Monday, September 26, 2016

Gridlock time

I do not usually watch made-for-TV political extravaganzas. Most of them, including probably all presidential debates subsequent to Kennedy-Nixon in 1960, amount to little in the longer ebb and flow of politics. But the accident of being where I am located today means I'll have to break my rule and watch this unpleasantness tonight. And probably therefore comment on it tomorrow. It would be more comfortable to simply look away from the train wreck, but that is not an available option.

Most of what I think is going on in this nasty season is captured in this succinct description from Kevin Drum at Mother Jones. Don't be distracted by the dismissive pass he gives to Republican racism. He's nailed the structural impasse within which this campaign is playing out.

The problem for Republicans is simple to describe: it's not that their leaders are racist, but that they've long tolerated racism in their ranks. They know this perfectly well, and they know that they have to broaden their appeal beyond just whites. But they're stuck. If they do that—say, by supporting comprehensive immigration reform or easing up on opposition to affirmative action—their white base goes ballistic. In the end, they never make the base-broadening moves that they all know they have to make eventually.

For Democrats, the problem is the mirror image. Bashing Donald Trump and his supporters for their white nationalism helps with their base, but it's the worst possible way to attract working-class whites who might be attracted to traditional Democratic economic messages. Once you say the word "racism," the conversation is over. Potentially persuadable voters won't hear another word you say.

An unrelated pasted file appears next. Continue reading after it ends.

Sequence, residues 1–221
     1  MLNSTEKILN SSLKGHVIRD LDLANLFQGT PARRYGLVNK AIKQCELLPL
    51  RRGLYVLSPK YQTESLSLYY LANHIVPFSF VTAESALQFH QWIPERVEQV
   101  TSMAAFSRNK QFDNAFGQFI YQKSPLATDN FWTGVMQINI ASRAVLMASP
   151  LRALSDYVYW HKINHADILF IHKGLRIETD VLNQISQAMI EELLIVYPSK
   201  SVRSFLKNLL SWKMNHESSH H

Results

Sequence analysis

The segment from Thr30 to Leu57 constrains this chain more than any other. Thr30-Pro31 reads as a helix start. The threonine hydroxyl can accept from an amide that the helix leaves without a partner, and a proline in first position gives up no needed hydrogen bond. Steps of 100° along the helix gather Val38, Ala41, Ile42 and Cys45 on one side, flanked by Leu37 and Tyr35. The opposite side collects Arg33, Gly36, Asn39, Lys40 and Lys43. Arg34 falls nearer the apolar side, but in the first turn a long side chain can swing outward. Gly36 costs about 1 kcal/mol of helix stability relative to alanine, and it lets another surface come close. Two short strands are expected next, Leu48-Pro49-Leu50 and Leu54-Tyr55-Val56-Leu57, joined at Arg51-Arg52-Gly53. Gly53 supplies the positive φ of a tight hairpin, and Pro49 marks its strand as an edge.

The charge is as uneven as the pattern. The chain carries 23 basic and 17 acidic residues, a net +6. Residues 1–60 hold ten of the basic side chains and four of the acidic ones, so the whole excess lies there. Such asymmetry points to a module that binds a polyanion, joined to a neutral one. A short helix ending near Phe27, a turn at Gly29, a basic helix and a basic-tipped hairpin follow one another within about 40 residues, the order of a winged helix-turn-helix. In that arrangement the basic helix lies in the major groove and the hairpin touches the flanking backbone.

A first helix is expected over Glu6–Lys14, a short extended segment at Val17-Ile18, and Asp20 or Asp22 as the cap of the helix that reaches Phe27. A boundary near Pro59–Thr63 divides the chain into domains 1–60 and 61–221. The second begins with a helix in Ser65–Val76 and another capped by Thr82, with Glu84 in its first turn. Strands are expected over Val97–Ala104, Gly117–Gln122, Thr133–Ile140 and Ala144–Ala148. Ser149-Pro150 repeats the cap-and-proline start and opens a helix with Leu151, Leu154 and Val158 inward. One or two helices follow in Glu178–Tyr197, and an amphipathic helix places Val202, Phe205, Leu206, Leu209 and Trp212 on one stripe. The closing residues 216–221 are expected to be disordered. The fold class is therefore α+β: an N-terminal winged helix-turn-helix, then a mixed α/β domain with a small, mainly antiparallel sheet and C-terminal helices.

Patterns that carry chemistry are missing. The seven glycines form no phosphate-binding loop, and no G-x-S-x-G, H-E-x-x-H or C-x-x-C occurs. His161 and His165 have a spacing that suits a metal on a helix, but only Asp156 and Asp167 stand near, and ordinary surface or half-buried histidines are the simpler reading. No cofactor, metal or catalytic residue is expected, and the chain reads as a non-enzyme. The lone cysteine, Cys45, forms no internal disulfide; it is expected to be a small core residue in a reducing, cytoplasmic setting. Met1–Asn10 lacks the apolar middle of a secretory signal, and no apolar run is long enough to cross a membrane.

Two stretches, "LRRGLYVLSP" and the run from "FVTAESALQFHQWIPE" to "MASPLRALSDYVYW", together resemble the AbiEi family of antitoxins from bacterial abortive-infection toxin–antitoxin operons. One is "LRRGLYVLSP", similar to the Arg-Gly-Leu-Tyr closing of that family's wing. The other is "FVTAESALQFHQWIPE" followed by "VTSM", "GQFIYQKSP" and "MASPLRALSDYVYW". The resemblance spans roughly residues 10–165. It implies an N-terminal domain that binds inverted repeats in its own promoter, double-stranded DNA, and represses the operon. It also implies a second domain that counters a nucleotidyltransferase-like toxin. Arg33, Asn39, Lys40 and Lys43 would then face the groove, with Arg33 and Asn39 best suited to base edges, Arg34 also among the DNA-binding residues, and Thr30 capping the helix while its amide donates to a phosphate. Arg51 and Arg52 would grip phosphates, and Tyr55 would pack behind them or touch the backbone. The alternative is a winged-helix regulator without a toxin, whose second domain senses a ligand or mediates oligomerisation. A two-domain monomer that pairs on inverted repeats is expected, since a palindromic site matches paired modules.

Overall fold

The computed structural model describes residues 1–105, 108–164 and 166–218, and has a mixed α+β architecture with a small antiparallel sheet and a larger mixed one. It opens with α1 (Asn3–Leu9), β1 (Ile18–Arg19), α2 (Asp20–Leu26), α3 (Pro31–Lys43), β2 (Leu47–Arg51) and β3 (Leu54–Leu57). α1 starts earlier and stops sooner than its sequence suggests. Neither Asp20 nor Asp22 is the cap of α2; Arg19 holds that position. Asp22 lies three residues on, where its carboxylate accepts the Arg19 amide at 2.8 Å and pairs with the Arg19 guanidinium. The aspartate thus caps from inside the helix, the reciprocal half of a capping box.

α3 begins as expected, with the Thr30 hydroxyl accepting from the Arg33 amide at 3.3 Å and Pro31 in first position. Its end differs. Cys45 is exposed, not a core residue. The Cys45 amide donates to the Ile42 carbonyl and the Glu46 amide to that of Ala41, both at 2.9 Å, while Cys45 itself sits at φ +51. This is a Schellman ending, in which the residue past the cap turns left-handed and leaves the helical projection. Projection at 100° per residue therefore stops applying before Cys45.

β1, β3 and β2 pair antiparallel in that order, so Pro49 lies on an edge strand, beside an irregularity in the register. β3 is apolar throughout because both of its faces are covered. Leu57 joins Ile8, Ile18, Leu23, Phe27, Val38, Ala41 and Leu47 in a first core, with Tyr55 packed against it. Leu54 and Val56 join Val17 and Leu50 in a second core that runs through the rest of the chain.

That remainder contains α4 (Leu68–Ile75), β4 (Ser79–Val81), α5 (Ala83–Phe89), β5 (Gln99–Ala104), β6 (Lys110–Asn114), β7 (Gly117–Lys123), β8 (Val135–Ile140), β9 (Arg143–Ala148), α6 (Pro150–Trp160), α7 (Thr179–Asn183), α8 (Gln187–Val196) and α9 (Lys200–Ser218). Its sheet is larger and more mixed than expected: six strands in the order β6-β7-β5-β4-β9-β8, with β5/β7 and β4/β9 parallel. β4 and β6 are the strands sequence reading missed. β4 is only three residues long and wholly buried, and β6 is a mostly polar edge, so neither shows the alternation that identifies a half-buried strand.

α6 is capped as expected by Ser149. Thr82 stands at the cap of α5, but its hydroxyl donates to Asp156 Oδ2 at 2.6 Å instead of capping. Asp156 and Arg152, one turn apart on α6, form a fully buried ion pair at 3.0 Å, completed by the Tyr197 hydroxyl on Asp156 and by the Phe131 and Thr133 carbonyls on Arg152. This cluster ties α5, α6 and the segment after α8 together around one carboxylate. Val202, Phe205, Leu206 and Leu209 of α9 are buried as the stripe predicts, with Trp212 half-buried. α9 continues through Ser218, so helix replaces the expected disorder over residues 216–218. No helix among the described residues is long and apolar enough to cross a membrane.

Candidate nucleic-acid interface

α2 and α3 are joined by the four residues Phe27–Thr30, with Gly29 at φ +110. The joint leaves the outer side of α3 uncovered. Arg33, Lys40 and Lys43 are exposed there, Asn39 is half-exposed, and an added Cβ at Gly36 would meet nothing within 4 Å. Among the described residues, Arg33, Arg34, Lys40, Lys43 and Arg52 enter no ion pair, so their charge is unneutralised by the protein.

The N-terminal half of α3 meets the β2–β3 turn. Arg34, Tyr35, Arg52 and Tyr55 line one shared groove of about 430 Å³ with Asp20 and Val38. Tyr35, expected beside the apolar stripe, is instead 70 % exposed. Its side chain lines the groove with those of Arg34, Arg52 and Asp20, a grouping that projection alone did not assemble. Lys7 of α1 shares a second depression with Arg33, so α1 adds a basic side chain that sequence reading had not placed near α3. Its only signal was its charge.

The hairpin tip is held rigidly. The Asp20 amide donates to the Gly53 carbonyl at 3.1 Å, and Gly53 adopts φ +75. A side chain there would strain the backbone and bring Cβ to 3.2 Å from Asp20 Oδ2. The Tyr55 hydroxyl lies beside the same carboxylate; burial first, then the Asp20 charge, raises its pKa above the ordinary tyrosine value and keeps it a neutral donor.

As long as this remains the case, Democrats will routinely win the presidency because their non-white base is growing every year. But Republicans will routinely win the House—and sometimes the Senate—because way more than half of all congressional districts are majority white. Result: endless gridlock.

The last time racism and federalism delivered a national impasse, this country had a civil war. Just mentioning this. Is that where this is going?


Freddy said...

How can we compromise with fascism? This is the most dangerous moment for us in years from this constant threat to America. We could end up with a fascist in the White House. Yes, we could have a civil war among a whole lot of factions, as in the Middle East.

Freddy said...

Freddy is me, Marianna. I am on someone else's computer.

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